Students from across university invited to apply for round two of IDEAL-NIU Intrapreneurship
February 10, 2017
The inaugural year of the IDEAL-NIU Intrapreneurship Program—designed to give students real-world experience bringing new products to market—has been a “huge success,” with nine students earning paid internships this semester with the Sycamore-based IDEAL Industries Inc.
Now a new round of students who will be sophomores, juniors and seniors next fall can apply to be selected for the first phase of the program. Interested students in engineering, business, kinesiology, design, public policy, communication, the sciences and more are encouraged to submit an application by Feb. 27.
Students who are accepted into the program will play a role in researching markets, developing IDEAL products and building business plans. Program participants who are successful in that first phase will then have a shot at paid internships–and even possible job offers from IDEAL upon graduation.
Interested students are invited to attend a presentation on the intrapreneurship program from 5 to 7 p.m. Thursday, Feb. 16, in room 354 of the Engineering Building.
NIU students (left to right) Victoria Ewert, Dennis Grekousis and Malik Hughes work on their IDEAL project.
“It’s been a really good experience,” says Malik Hughes, a junior industrial management and technologymajor from Bolingbrook. Hughes was accepted into the program a year ago and earned an internship with IDEAL beginning this semester and lasting through the summer.
“The professionals at IDEAL are very helpful providing the resources we need to design and develop products,” Hughes says. “The experience has provided me with the opportunity to apply concepts we learned in the classroom to a real-world setting. It also gives me a chance to collaborate with students from other fields to come up with solutions to the problems we’re trying to solve.”
Based in Sycamore, the family-owned IDEAL Industries Inc. has been in operation for a century and boasts facilities and clients across the globe. The company manufactures more than 6,000 products used in automotive, construction, aerospace, electrical, data-communication, wire-processing, alternative-energy and other industries.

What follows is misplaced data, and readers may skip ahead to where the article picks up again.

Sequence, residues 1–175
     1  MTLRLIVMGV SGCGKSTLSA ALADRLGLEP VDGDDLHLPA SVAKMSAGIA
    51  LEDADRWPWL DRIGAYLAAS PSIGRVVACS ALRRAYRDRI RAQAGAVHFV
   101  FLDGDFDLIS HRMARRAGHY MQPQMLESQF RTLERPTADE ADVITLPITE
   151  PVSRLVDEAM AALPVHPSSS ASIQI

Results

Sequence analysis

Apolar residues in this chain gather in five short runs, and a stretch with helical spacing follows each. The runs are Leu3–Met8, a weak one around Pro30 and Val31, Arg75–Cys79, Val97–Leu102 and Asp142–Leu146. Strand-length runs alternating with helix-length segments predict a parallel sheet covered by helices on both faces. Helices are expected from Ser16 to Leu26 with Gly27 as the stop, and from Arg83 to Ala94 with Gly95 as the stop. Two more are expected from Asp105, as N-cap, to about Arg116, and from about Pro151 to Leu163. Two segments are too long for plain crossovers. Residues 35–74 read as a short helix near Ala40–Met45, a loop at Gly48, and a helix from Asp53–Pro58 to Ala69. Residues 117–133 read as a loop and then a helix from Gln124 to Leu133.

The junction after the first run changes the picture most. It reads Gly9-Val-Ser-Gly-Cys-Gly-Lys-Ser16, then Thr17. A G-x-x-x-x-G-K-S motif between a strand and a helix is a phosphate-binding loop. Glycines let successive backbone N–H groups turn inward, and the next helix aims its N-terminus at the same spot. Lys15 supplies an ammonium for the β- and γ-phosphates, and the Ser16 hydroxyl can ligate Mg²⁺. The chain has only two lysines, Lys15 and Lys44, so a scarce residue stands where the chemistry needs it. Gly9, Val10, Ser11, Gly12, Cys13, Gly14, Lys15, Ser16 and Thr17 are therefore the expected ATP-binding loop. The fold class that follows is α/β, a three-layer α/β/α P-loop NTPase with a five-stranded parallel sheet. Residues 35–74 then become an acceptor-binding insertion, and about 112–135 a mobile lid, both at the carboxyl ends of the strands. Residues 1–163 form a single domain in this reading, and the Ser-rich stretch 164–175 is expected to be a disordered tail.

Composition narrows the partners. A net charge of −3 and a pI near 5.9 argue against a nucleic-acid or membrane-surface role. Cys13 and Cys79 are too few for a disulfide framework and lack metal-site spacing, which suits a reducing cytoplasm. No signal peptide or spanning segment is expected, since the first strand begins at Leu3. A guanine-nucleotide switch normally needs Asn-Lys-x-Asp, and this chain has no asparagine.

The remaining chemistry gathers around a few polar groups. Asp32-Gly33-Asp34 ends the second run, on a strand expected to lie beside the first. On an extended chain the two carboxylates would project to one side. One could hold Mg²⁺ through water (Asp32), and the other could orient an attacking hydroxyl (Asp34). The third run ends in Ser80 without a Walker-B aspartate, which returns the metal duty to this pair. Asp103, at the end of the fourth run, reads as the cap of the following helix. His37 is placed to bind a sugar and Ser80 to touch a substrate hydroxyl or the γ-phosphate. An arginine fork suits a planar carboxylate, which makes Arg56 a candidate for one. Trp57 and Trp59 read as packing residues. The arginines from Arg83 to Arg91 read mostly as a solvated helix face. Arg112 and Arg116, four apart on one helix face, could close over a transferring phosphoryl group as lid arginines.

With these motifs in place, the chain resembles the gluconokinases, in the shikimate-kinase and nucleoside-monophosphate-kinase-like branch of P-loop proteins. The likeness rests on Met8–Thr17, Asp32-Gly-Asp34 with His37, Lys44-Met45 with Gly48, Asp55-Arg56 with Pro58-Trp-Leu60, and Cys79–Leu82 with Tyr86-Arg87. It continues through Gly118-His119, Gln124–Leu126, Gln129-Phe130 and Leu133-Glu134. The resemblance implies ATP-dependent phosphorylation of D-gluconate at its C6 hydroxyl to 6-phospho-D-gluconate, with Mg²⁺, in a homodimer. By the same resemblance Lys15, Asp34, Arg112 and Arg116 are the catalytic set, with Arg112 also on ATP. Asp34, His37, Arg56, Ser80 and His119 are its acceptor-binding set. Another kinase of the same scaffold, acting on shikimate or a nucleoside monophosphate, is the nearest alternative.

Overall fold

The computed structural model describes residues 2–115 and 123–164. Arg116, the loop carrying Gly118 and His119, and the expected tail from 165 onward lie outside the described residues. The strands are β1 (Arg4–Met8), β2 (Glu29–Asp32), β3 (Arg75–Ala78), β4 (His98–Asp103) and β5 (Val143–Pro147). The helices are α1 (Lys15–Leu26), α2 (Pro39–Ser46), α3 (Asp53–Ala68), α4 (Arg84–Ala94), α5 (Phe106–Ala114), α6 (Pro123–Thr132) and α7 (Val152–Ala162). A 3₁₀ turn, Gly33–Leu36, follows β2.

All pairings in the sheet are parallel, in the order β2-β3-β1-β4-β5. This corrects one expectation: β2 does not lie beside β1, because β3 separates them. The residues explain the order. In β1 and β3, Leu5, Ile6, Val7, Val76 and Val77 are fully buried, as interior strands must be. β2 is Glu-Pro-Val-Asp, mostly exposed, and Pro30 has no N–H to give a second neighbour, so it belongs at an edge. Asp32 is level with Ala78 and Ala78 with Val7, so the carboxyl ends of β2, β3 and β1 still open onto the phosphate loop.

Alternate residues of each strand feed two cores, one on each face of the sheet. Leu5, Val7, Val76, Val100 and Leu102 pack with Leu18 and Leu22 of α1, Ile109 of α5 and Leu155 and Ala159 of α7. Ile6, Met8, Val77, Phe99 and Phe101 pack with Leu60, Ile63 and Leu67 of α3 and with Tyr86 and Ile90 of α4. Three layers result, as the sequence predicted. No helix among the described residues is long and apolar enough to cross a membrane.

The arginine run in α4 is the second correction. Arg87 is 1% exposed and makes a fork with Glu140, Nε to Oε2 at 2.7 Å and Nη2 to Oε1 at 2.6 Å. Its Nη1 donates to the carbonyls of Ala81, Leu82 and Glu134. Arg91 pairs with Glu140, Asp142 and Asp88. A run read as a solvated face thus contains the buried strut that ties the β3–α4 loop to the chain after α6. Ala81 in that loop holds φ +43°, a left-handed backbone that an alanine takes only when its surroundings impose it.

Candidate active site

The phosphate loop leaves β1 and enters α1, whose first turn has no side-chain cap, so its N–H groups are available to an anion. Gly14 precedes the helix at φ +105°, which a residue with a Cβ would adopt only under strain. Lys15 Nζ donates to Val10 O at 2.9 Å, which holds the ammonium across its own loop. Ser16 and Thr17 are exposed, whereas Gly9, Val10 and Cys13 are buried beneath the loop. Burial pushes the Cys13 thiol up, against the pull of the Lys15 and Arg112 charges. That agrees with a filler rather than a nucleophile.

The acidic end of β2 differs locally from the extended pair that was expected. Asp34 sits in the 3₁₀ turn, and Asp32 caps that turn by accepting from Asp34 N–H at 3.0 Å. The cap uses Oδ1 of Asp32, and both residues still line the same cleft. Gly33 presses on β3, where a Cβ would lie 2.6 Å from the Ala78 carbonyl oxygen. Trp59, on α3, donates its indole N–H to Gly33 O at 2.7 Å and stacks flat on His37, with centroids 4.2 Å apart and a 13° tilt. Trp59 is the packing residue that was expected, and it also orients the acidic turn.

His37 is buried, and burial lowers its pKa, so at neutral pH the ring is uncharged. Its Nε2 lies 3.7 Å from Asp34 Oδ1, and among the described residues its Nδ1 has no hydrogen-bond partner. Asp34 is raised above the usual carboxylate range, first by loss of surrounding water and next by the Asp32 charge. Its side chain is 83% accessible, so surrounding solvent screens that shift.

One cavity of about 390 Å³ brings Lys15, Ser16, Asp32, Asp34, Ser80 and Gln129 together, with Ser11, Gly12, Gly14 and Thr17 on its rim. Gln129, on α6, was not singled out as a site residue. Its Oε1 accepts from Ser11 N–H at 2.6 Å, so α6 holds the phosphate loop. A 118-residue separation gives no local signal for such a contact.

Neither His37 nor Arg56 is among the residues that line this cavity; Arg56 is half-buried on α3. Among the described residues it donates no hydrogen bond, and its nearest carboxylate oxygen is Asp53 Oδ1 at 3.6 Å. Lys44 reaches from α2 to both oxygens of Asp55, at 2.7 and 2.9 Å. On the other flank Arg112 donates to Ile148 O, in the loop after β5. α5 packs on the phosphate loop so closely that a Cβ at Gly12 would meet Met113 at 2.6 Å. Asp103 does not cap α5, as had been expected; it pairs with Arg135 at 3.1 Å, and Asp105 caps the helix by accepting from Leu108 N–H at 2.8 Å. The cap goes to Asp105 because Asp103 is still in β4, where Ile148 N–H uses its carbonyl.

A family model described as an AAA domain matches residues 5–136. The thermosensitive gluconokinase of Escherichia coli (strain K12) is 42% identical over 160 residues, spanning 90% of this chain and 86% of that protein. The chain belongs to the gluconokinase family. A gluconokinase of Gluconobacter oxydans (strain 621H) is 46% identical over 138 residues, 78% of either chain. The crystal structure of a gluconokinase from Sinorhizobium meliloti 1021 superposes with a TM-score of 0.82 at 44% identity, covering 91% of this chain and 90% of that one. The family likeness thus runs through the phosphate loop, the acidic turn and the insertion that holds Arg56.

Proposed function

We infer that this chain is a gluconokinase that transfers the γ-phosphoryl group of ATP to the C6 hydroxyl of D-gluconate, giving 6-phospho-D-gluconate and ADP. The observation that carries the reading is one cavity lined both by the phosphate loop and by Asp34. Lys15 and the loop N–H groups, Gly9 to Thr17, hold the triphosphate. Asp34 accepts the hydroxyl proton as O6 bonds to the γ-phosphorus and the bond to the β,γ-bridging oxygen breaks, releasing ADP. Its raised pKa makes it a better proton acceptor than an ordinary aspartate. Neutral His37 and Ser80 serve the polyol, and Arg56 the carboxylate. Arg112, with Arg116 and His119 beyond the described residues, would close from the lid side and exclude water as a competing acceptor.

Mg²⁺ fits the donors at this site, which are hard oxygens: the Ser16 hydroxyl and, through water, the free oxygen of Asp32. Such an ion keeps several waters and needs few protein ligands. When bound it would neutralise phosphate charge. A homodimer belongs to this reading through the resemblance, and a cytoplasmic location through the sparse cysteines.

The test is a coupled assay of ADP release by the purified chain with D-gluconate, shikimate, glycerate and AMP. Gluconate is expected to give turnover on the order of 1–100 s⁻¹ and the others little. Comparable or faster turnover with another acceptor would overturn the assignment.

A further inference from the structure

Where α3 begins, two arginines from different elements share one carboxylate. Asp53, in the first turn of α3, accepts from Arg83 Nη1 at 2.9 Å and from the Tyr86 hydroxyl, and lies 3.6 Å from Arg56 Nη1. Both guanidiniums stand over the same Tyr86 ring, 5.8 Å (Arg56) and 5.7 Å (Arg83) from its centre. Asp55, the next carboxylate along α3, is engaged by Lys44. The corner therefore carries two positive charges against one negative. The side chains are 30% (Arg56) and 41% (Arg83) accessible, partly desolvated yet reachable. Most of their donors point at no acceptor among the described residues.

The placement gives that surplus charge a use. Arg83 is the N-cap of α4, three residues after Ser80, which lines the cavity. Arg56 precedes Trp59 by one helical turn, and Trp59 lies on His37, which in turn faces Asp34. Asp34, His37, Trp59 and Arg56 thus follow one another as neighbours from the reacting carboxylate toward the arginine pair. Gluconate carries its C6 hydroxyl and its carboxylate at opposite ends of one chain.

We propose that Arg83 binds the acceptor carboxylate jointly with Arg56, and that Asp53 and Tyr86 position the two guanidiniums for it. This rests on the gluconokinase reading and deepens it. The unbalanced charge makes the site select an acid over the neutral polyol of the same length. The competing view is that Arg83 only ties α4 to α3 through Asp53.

In late 2015, IDEAL Chairman and CEO Jim James first shared his idea for the intrapreneurship program with NIU President Doug Baker. Within months, the program had launched.
IDEAL Industries Inc. CEO Jim James
“We couldn't be more pleased with the talent and potential of our first group of students,” says James, who will lead the Feb. 16 presentation. “Their work thus far gives us high hope they will be successful executing their business plans.”
Here’s how the program worked this past year.
Applicants were screened by the Intrapreneurship Partnership Advisory Board, which also conducted follow-up interviews. Students selected for the program were offered positions on one of the two teams, each working to develop product ideas provided by IDEAL.
After working together for more than a semester, the teams each made their presentations to IDEAL executives in December. IDEAL representatives decided that both teams had demonstrated enough progress to be given the opportunity to continue. So the nine NIU students on those teams were offered paid internships. Now they are refining their products and business plans, moving toward full commercialization.
Bart Sharp, the Mike and Kristina McGrath Professor of Entrepreneurship in NIU’s Department of Management, says the program broadens students horizons and provides a potentially rewarding career path.
“From my perspective, it has been a huge success for the students, the university and IDEAL,” says Sharp, who serves on the Intrapreneurship Partnership Advisory Board.
“I want to emphasize that this opportunity is open to students from any major,” he adds. “The business and engineering angles are obvious, but when it comes to innovative projects like this there is tremendous value in bringing other perspectives to bear. Engineers think of things a certain way, and so do business people, and that can be limiting. Having an artist or a scientist or an English major look at the same issues can lead to brilliant insights.”
While product details are not disclosed, Sharp says there are elements in round-two projects that will be affected by human factors, biology, public policy, communications “and probably half a dozen other fields we haven't realized yet.”
“The teams will have the highest probability of success if they encompass students with affinity for each of those subjects,” he says.
Senior communication studies major Mercedes Ruiz of Chicago was accepted into the intrapreneurship program a year ago and recently earned an IDEAL internship. She says she felt a little intimidated at first when she found herself working on a team with OMIS, finance and engineering majors.
“But IDEAL is good at choosing the right candidates, and I feel like I have contributed a lot,” Ruiz says. It was helpful, for example, having a communication major on the team to help polish the final successful presentation.
Ruiz encourages other students to apply for the program and work toward an internship. There’s a substantial time commitment, but the potential payoff is big, she says.
“IDEAL is like a second home now,” she adds. “I learned how to be professional, how to network with people and how to handle certain situations. I feel it has helped me to grow, not only as a student but as an individual.”